“When Jesus came to the region of Caesarea Philippi, He asked His disciples, “Who do people say that the Son of Man is?” And they said, “Some say John the Baptist; others, Elijah; still others, Jeremiah or one of the prophets.” “But you,” He asked them, “who do you say that I am?” Simon Peter answers, “You are the Messiah, the Son of the Living God!” And Jesus responded, “Simon son of Jonah, you are blessed because flesh and blood did not reveal this to you, but My Father in heaven…”
– Matthew 16:13-17 (HCSB; see also Mark 8:27-29 and Luke 9:18-20)

The Question of the Populace’s Belief in Jesus’s Identity

Jesus begins by asking them what the general population said about his identity. In general, the response was, somebody good, important, and/or wise. John the Baptist or a prophet, like those through whom God spoke in the Old Testament. Obviously, someone who knew the things of God and seemed to live in his favor. How would you answer Jesus’ first question today? I would suggest the answers would be somewhat similar. While not citing specifically Old Testament prophets, many call him a prophet. Others consider him a good, moral teacher.

The Question of the Disciples’ Belief in Jesus’s Identity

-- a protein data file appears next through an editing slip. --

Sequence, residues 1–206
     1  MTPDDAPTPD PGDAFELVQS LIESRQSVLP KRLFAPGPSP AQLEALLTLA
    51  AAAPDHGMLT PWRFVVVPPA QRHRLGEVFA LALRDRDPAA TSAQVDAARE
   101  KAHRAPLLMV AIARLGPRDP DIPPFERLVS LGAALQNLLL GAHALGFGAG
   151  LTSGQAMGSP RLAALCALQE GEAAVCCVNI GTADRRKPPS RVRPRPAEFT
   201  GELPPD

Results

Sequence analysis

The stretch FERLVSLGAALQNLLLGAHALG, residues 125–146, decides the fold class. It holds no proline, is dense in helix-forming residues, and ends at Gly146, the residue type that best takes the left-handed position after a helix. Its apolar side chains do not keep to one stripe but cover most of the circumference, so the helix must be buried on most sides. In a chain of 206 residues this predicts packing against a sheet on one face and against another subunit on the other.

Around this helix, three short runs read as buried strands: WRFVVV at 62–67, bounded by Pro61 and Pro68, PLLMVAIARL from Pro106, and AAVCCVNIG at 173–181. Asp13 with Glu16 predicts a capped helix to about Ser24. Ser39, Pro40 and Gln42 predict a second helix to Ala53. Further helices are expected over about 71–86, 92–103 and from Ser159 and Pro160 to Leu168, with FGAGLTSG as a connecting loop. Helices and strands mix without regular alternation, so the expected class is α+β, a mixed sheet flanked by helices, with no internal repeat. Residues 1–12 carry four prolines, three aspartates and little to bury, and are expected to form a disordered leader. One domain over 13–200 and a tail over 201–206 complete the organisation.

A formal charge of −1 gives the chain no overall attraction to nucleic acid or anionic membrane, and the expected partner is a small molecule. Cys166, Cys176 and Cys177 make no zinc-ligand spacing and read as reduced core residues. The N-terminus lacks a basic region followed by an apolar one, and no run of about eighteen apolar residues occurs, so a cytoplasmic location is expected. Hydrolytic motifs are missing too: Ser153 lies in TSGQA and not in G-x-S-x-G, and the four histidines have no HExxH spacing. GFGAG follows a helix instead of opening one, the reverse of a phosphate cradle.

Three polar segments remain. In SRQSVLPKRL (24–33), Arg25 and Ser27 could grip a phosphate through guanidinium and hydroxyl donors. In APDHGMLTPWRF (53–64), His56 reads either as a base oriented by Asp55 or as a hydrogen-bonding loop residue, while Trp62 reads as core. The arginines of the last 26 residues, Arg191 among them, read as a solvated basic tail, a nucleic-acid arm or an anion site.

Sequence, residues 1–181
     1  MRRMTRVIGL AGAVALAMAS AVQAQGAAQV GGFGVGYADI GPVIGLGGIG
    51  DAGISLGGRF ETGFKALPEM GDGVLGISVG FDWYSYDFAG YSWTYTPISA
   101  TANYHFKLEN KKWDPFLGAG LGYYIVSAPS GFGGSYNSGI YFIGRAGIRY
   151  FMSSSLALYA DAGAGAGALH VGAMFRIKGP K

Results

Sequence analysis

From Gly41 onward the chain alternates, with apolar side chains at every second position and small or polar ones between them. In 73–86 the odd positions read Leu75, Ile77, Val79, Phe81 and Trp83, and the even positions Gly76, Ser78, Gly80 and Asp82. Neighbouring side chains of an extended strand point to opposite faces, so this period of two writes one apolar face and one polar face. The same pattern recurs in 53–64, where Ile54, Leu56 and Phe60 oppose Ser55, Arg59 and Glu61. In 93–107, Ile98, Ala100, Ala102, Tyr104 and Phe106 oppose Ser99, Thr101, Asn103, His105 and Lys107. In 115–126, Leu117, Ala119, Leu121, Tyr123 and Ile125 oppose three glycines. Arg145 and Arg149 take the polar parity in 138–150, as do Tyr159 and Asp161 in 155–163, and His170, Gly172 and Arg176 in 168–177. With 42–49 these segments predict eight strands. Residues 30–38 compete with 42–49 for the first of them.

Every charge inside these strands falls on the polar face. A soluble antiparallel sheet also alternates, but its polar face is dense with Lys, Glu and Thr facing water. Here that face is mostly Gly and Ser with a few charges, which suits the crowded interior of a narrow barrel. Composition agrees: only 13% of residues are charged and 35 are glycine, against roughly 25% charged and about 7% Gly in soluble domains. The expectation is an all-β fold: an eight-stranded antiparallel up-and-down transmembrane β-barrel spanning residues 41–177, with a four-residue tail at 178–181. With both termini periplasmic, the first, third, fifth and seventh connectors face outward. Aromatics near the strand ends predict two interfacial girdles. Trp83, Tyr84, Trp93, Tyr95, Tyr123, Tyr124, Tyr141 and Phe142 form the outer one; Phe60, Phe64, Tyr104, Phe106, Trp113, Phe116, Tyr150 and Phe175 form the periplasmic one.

Jesus makes his second question personal. He specifically asks the disciples who they say he is. We are wise to feel the same question pointed directly at us. Who do I (insert your own name) say Jesus is? The disciples couldn’t hide behind the prevailing popular answer. While it is impossible to detect whether there were any pauses in the conversation through the written version, Peter seems to answer without hesitation– “You are the Messiah, the Son of the Living God!” How would you answer that question? Would you hesitate and need to think about your answer?

How the Bible Answers the Questions

Jesus tells Peter he is correct and knows the answer because God revealed it to him. The disciples had heard Jesus’ teaching and witnessed the miracles he performed while following him in his ministry.

The Bible is replete with passages that tell us about the identity of Jesus, God’s Son, sent as our Savior to redeem us from our sin, sin that entered the world through Adam and Eve in the early pages of Genesis. The length of this article allows space to note just a few of the places we are told about Jesus’ identity.